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Gov.-elect Wes Moore said on Friday that he will bring a sense of urgency to his efforts to ease congestion on two Montgomery County freeways. But he offered clear signals that his traffic relief strategy will differ dramatically from the one Gov. Larry Hogan has pursued for more than five years.
“We will not be another administration that just kicks this can down the road,” Moore (D) told an influential audience of Montgomery County business, government and non-profit leaders.
In 2017 Hogan (R) unveiled a multibillion-dollar plan to add four variably-priced toll lanes — two in each direction — to the entire length of Interstate 270, the Maryland side of the Capital Beltway and the federally-owned Baltimore-Washington Parkway. His plan was modeled closely on Northern Virginia’s decade-long efforts to expand capacity, which have relied heavily on an Australian firm, Transurban, financing and building toll lanes in exchange for the revenue they generate.
Although Hogan’s plan has shrunk considerably in response to local opposition, the Maryland Department of Transportation announced recently that it has granted Accelerate Maryland Partners, a consortium that includes Transurban, several extra months to finalize its recommendation. That decision effectively puts the project’s fate in Moore’s hands.
In remarks to the Committee for Montgomery’s annual legislative breakfast, the governor-elect said he will use the same “lens” on the I-270/I-495/American Legion Bridge project that he will bring to all transportation issues.
“(That) means addressing it through a lens of equity, i.e. who’s building it and who can benefit from it, addressing it through the lens of environmental protection — sustainable and environmental justice issues that have been neglected in the process — and also address it with a core understanding of what it means to move in partnership with local jurisdictions, local elected officials and local leaders,” he said.
Although he did not mention Hogan by name, Moore’s remarks echoed many of the complaints critics have leveled at the toll lanes proposal. Opponents charge that they would primarily benefit the wealthy and harm the environment, and they have accused Hogan and former transportation secretary Pete Rahn of springing their proposal on the county with little consultation.
The Committee for Montgomery’s annual breakfast brings together hundreds of the county’s business, political, advocacy group and non-profit leaders. Friday’s session was attended by more than 700 people, including U.S. Sen. Chris Van Hollen (D) and Comptroller-elect Brooke Lierman (D). Moore aides asked on Thursday that he be allowed to address the group via video-stream because he wasn’t feeling well.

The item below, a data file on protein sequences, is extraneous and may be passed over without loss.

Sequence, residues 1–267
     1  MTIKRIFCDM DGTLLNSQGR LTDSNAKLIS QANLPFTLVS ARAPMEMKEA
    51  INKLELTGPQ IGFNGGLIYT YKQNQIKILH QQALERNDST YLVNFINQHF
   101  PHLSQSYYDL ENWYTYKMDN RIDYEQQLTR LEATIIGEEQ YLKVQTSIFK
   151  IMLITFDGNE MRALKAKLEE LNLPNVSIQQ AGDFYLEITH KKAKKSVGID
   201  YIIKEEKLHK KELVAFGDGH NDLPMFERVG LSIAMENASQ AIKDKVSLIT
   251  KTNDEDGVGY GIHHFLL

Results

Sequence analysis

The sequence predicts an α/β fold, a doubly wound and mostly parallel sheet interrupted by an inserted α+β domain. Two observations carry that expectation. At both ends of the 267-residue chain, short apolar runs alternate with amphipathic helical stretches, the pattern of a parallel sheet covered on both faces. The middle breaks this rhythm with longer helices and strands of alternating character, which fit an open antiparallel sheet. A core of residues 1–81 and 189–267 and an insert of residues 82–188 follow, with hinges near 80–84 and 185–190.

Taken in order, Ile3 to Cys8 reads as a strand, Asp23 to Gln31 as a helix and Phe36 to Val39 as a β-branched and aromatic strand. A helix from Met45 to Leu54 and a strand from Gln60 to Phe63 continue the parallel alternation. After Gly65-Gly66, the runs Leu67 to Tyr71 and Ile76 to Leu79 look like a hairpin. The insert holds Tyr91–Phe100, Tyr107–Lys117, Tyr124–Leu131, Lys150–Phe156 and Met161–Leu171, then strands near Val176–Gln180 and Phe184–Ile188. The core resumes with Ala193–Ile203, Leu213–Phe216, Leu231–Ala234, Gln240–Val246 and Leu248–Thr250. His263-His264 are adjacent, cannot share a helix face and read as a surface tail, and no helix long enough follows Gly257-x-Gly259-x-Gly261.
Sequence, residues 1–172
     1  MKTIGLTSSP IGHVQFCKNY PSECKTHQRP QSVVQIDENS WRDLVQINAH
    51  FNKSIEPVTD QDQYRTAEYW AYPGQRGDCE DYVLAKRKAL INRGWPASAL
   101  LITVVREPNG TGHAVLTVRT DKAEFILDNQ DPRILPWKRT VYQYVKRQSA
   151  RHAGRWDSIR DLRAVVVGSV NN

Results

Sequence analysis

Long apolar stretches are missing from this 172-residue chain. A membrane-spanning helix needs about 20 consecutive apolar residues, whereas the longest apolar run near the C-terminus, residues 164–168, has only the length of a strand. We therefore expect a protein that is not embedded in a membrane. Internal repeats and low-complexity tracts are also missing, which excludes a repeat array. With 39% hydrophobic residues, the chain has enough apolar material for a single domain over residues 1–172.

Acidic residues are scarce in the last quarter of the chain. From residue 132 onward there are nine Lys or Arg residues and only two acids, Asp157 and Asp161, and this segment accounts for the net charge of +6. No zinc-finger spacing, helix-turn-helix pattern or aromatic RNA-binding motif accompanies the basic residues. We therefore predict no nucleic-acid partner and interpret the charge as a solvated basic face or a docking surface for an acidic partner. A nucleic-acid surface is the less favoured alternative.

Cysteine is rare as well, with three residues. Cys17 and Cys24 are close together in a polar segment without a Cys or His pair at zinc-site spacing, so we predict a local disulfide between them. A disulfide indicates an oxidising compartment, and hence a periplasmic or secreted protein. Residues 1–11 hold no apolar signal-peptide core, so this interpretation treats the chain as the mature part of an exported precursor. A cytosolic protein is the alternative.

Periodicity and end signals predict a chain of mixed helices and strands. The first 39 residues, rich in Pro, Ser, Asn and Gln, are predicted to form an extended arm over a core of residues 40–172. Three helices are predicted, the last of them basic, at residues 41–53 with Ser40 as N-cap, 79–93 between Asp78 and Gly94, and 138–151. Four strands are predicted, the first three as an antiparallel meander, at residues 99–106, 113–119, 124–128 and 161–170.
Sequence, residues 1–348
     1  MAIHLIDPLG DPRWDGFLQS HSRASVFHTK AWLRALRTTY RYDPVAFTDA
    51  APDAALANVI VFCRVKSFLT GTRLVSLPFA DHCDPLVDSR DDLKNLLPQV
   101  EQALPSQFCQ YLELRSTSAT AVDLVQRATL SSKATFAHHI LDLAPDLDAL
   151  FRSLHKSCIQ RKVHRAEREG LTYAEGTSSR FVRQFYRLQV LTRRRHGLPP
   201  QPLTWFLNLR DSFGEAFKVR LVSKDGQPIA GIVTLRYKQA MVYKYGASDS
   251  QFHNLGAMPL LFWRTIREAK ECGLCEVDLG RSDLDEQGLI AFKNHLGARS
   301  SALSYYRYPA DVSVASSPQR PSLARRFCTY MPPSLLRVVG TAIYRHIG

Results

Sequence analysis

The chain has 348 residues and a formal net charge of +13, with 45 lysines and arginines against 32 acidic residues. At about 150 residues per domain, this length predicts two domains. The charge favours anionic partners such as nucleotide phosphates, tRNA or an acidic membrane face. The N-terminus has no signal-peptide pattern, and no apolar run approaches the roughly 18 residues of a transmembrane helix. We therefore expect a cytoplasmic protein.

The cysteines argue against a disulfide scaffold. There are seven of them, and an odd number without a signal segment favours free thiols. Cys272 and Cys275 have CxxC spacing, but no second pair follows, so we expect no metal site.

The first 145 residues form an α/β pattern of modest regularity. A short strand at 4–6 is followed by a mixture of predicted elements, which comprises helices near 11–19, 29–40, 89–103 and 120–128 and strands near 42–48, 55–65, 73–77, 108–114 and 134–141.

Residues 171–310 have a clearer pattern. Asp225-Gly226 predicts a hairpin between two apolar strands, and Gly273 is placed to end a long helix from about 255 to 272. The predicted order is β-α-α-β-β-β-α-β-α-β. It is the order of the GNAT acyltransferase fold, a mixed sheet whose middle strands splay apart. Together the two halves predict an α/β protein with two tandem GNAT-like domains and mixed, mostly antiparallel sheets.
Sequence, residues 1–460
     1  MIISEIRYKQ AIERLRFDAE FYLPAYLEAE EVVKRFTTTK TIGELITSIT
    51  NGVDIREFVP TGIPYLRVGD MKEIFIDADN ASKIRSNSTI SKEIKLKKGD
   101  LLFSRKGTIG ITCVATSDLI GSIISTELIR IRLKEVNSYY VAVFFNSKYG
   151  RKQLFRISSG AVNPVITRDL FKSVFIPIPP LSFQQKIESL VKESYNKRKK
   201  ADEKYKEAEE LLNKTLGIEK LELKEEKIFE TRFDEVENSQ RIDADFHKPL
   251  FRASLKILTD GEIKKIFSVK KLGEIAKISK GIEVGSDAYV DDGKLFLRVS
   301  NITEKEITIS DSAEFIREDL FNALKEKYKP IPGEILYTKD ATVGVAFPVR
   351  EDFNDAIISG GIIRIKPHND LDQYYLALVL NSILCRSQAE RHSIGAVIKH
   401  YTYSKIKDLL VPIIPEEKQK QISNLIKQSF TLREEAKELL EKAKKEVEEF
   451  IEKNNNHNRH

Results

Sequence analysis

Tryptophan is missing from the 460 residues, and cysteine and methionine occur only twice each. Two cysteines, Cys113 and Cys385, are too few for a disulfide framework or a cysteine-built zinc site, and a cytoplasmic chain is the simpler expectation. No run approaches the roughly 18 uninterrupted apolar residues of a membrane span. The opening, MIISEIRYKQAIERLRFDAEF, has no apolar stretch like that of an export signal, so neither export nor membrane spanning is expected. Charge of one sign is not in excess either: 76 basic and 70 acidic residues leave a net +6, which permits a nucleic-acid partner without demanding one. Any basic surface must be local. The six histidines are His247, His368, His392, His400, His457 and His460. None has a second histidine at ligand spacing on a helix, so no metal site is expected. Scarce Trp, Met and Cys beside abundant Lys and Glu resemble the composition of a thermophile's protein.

During a panel discussion, Montgomery County Executive Marc Elrich (D) said the county’s economy — the state’s largest — needs a “comprehensive transportation solution” if it is to live up to its true potential. He has long advocated for an extensive bus-rapid transit network, to give workers alternatives to driving solo. “We need the state to step up and provide us a transportation system that will let us get the workers” to their jobs, he said.
County Council Vice President Andrew Friedson (D) said he welcomed Moore’s comments about the toll lanes project. “We’ve got to solve problems, and the governor-elect is a problem-solver,” he said. “So we’re hopeful. And he’s committed to engaging us in the process.”
Friedson noted that Lt. Gov.-elect Aruna Miller (D) is a traffic engineer who spent much of her career working for Montgomery County Government. (Miller had to cancel her speaking appearance at the breakfast due to cold-like symptoms, organizers said.)
In an interview, Elrich said the Hogan administration’s toll lanes plan “was blown up to be an expensive project that they could then justify the public-private partnership and then the massive tolls.” The executive said Maryland has the ability to ease traffic in the county without resorting to a 50-year contract with a private developer, particularly if the state wins federal infrastructure dollars to replace the American Legion Bridge.